UK parents are unaware of which foods contain Omega 3 and how children can gain more of it. One in three parents identified carrots as being naturally high in Omega 3 - when levels are in fact low.
In contrast 14 per cent of parents believe that salmon is not a good source of Omega 3, even though oily fish is one of the best ways to get the polyunsaturated fatty acids. Omega 3s are a vital part of a balanced diet helping to maintain normal heart, brain and vision. A total of 20 per cent of those polled - in a survey of 2,000 UK parents - said they were unaware of the importance of Omega 3.
Despite leading authorities recommending regular consumption of foods containing Omega 3, research suggests that only 23 per cent of the UK’s adult population consumes the recommended intake, generally classified as at least one portion of oily fish per week. Intake levels are particularly low in children and young people.
Moira Howie, Waitrose Nutrition Manager, said: "A lot of the focus has been getting children to have five a day and ensuring they have enough calcium. But Omega 3 is also vital for maintaining a healthy heart, brain function and vision, with many parents unaware of its benefits and where to find it in the diet. Our parents and grandparents might have traumatic memories of being given cod liver oil on a spoon - but they would have been regularly consuming a good source of Omega 3 - something which many of today's younger generation appear to be missing out on."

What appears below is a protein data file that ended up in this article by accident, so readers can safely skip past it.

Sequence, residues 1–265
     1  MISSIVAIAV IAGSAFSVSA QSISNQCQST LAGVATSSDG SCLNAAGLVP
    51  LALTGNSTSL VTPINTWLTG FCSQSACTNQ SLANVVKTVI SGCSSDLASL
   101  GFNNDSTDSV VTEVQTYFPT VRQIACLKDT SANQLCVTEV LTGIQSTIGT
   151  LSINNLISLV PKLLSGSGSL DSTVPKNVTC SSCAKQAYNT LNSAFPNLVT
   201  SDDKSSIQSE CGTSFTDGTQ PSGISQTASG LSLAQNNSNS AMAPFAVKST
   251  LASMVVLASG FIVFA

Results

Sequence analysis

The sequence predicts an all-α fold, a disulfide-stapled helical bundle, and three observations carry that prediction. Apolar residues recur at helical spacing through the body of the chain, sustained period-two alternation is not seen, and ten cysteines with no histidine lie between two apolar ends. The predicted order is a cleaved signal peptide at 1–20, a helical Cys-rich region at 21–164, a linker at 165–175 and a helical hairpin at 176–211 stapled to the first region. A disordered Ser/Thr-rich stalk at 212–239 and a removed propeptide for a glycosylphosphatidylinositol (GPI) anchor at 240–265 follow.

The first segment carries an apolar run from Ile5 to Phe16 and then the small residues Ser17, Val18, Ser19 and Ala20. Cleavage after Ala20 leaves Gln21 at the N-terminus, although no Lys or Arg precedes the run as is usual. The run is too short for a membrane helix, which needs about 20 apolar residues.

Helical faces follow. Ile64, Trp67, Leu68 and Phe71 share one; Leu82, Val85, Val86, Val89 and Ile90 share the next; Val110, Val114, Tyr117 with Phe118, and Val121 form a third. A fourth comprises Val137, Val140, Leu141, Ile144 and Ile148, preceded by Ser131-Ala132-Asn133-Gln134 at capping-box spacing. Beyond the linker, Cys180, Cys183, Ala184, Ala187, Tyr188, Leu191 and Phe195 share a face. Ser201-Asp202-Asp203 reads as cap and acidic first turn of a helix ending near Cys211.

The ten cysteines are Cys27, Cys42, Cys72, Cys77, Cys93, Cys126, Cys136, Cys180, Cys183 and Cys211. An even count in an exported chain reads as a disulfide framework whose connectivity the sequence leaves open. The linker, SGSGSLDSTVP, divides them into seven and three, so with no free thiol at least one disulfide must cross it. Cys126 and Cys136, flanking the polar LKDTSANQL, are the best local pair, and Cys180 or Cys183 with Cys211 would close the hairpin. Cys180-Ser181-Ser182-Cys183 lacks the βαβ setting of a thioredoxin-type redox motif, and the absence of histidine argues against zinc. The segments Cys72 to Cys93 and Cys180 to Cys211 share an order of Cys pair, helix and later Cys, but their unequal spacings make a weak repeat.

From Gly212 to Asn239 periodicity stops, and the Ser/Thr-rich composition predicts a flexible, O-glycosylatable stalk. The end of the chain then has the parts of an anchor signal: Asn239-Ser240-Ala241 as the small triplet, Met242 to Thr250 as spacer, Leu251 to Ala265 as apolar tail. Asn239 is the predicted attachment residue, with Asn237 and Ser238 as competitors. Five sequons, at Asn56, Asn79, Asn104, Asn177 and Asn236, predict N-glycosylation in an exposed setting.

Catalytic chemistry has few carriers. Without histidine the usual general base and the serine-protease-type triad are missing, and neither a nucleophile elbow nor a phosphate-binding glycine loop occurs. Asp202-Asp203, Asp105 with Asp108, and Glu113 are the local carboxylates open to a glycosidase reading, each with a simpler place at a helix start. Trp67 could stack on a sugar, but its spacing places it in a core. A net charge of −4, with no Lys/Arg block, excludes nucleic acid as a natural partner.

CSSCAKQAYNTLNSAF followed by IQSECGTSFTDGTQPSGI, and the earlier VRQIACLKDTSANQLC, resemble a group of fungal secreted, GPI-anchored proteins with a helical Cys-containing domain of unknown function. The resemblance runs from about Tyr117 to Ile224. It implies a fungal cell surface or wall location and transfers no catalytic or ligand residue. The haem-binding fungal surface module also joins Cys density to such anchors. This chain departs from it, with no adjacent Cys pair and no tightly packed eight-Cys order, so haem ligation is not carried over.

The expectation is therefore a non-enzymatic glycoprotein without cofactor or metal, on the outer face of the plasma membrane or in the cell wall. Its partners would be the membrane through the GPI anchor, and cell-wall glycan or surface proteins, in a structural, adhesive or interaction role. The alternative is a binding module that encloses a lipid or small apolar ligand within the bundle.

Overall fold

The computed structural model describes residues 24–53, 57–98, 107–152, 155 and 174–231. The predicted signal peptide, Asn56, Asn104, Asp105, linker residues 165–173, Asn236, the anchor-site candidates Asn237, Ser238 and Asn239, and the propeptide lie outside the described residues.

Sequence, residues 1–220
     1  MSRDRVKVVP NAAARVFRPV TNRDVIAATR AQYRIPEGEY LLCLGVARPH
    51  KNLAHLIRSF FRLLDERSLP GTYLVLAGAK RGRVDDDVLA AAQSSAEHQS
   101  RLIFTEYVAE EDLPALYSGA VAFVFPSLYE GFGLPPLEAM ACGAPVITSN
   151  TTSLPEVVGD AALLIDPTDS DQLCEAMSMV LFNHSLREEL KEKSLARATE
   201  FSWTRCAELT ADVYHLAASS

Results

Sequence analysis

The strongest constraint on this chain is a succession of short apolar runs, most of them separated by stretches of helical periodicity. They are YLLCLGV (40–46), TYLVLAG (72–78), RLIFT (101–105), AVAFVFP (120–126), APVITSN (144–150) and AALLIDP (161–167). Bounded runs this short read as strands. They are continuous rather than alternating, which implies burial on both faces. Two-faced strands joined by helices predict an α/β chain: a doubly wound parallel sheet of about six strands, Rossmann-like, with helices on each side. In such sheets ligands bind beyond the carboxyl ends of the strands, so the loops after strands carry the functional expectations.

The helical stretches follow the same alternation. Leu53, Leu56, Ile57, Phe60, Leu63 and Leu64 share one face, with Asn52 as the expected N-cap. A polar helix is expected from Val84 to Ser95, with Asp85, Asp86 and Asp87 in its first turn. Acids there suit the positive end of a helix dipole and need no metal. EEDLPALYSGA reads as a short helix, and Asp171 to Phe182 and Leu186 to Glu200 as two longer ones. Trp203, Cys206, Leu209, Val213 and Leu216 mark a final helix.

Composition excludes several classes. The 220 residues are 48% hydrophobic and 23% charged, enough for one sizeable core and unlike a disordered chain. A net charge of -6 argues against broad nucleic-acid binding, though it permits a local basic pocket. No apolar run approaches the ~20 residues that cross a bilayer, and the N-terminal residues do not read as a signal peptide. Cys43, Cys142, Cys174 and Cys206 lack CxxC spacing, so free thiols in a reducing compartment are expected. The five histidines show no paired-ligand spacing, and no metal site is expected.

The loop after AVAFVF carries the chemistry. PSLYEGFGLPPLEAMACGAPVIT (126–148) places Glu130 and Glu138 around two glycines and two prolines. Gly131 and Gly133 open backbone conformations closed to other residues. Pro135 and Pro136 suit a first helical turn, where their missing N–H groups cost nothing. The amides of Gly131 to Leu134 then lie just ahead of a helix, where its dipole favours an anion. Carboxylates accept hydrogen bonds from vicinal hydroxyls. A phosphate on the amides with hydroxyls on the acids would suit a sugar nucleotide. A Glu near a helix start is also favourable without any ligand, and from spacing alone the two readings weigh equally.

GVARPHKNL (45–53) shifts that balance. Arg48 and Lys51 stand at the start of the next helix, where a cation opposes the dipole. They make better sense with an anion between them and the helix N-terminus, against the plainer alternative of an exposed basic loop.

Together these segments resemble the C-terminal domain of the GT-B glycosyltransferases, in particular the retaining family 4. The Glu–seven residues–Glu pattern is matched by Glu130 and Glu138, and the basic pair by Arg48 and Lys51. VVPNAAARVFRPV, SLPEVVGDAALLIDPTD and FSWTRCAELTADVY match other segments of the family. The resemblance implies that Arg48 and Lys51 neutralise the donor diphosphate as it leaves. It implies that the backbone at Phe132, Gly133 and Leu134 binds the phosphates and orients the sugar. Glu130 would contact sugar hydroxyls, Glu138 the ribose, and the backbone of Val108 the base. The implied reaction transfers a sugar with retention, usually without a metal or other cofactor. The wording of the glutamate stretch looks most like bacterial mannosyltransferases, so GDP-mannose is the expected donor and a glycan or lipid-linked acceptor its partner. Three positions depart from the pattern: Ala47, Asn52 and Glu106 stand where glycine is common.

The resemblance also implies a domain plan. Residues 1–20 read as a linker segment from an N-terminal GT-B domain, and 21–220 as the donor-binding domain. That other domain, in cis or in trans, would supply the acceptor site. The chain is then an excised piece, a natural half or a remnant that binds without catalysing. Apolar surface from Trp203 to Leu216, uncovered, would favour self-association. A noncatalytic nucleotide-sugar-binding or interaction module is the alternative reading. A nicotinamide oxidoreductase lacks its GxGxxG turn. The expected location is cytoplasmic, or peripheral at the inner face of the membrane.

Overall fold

Over 80 per cent of those surveyed admitted that they would like to increase omega 3 in both their diet and their family’s diet to help maintain a healthy heart, brain and vision.
Scientific research undertaken in 2013 showed that people with the highest levels of Omega 3 had a 40 per cent reduction in cardiovascular related deaths compared to people with the lowest levels.
Optimum health benefits are obtained from a daily intake of 250mg of Omega 3 fatty acids as part of a healthy balanced diet and lifestyle.